Nov 98 Online
Volume Number: 14 (1998)
Issue Number: 11
Column Tag: MacTech Online
Unwrapping the Yellow Box
by Jeff Clites, firstname.lastname@example.org
Very soon now, the initial betas of OS X should be going out to developers. For the first time, we will have a real choice between two very powerful and very different sets of programming interfaces - the Carbon API and the Yellow Box API. Since the Carbon API is mostly identical to the current OS 8.x API, it will be very tempting for developers to continue programming "classical" Mac applications, and Apple has been emphasizing this backward compatibility. On the other hand, you could make a case that most of the $350 million that Apple spent a little less than a year ago was paying for the Yellow Box, and the technologies supporting it. From all reports, the Yellow Box is far superior to the current Mac APIs, allowing programmers to develop powerful applications in a fraction of the time. But what if no one uses it?
It seems unthinkable that Apple would abandon it, but OpenDoc, QuickDraw GX, and PowerTalk were excellent technologies as well, and they were dropped in part because developers failed to adopt them. Call me paranoid, but with Apple's current silence on the subject there is danger that they may be unwittingly scaring away potential Yellow Box developers. This month, I am going to point out some resources available to new Yellow Box programmers, with the hope that every Mac developer will give the Yellow Box a test drive, and see if it lives up to its claims. If you like it and decide to do Yellow Box development professionally, then by starting now, you'll gain a leg up on the competition.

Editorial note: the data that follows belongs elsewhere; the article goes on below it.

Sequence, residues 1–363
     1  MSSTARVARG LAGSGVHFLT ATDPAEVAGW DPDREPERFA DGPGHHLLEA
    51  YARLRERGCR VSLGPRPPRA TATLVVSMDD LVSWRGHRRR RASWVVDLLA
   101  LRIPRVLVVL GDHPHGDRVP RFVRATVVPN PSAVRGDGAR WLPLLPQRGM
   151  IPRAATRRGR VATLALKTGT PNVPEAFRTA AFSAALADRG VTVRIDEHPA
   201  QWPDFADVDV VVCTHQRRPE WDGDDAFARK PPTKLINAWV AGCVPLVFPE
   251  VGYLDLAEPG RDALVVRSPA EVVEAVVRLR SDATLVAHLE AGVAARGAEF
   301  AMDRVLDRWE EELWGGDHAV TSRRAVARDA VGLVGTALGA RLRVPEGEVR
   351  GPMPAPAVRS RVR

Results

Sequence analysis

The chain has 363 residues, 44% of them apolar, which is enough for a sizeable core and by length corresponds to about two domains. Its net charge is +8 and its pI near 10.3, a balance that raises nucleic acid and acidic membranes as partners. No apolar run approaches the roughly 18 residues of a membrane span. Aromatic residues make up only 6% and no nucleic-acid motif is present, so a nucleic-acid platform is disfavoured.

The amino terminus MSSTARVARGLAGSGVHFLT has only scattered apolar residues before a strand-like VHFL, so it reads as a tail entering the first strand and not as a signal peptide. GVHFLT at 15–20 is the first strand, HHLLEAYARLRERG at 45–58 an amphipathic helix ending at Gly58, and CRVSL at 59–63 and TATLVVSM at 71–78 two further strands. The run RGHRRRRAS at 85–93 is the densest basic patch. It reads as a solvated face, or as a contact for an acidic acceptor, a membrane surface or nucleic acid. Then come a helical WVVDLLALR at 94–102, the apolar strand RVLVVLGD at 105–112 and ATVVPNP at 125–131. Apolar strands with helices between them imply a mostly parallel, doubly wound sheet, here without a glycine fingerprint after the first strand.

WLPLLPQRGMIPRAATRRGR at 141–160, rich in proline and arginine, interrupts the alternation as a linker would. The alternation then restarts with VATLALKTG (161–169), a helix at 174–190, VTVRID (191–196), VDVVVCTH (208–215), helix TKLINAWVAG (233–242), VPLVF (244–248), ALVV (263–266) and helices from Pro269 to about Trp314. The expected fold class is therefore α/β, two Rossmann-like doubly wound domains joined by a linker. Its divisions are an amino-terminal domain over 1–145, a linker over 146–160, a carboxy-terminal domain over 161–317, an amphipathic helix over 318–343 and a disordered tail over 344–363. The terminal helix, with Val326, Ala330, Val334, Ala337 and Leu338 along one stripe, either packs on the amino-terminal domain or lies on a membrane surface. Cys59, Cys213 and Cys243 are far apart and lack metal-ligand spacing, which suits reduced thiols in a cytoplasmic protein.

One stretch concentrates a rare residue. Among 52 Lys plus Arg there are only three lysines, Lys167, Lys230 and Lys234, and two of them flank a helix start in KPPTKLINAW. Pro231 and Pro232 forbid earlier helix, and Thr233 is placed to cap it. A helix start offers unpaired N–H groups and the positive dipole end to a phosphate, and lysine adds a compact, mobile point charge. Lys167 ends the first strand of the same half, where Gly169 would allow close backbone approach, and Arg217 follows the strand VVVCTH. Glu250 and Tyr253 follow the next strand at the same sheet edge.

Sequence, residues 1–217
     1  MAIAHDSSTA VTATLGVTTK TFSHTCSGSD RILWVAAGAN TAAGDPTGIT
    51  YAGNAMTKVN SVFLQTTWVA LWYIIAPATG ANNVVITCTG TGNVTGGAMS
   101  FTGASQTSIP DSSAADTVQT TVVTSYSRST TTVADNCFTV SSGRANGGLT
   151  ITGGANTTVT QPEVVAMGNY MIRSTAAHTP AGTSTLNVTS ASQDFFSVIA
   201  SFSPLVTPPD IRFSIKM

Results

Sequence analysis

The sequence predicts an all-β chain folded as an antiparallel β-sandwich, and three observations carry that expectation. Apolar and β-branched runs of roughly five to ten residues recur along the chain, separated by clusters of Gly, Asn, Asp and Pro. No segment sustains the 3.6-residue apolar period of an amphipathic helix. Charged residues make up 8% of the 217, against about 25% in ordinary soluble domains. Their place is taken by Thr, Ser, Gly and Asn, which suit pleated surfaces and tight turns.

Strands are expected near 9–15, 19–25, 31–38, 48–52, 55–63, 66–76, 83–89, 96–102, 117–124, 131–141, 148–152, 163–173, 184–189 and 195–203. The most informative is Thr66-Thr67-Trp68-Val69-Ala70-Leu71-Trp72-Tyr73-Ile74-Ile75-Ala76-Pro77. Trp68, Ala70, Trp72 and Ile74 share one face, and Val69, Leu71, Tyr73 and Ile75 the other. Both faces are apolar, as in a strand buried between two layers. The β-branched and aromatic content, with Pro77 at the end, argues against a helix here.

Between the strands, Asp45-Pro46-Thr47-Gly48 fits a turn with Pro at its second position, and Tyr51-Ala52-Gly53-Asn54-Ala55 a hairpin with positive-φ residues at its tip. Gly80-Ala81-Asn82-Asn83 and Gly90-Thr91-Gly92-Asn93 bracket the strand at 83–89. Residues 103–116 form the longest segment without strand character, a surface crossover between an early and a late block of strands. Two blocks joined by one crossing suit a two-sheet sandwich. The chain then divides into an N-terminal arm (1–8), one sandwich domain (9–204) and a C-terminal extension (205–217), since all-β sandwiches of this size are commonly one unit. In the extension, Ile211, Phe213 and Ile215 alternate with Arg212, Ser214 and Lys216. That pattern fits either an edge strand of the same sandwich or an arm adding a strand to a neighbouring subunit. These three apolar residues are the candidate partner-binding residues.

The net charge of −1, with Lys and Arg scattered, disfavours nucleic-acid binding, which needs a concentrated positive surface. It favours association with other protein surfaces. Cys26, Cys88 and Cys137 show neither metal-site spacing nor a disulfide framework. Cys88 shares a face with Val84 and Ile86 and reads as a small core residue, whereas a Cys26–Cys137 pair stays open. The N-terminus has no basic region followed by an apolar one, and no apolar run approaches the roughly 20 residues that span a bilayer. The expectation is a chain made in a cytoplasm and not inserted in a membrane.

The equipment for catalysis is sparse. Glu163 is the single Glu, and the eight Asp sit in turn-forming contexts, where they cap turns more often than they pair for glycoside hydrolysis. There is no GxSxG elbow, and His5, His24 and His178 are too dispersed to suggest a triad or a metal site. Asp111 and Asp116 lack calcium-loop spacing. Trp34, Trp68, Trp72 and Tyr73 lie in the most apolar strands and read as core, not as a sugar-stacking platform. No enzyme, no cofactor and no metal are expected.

If you want to stay up-to-date with Yellow Box goings-on, your best bet is StepWise, which tracks current news as well as technical aspects of Yellow Box development. You should also take a look at The Rhapsody User, which has extensive references to articles all over the web, and RhapNet, which hosts a collection of editorials.
- Stepwise NEXTSTEP/OpenStep Server
- The Rhapsody User
For general information on the Yellow Box and its technologies, start with Apple's Mac OS X Server page, and their Rhapsody FAQ. (Note that much of the Yellow Box-related information you will find on the web is still labeled as Rhapsody or even OpenStep but is likely to be relevant.) The Rhapsody Basics page has pointers on how to get started, and the RhapsodyOS and Reality web sites have pages which summarize unofficial information on the upcoming system releases.
- Apple - Mac OS X Server
- Rhapsody Developer FAQ
- Rhapsody Basics
- RhapsodyOS: FAQ
- Reality's Mac OS X Page
I hope I have convince you to take a serious look at the Yellow Box and all it has to offer. NeXT made its mark by creating a sophisticated, modern OS and object framework, and refining it over many years while serving a corporate clientele. With this enterprise pedigree, Apple has the tools to aggressively pursue the business market. Will the Mac be the business platform for the next decade? Many of the larger software companies seem hesitant to commit to migrating their code base to the Yellow Box, and this provides a golden opportunity for new companies to step in and take the lead. Apple Enterprise is the jumping off point for the business end of things.
- Apple Enterprise
If imagining the potential of a world without Microsoft Word is too much for you, stroll over to the home of the new Hello World, the 99 Bottles of Beer on the Wall site, where there is source code for rendering the classic song in more programming languages that you ever knew existed (although, ironically, not in Objective-C). It has to be seen to be believed.
- 99 Bottles of Beer on the Wall
These and piles of other links are available from the MacTech Online web pages at www.mactech.com/online/.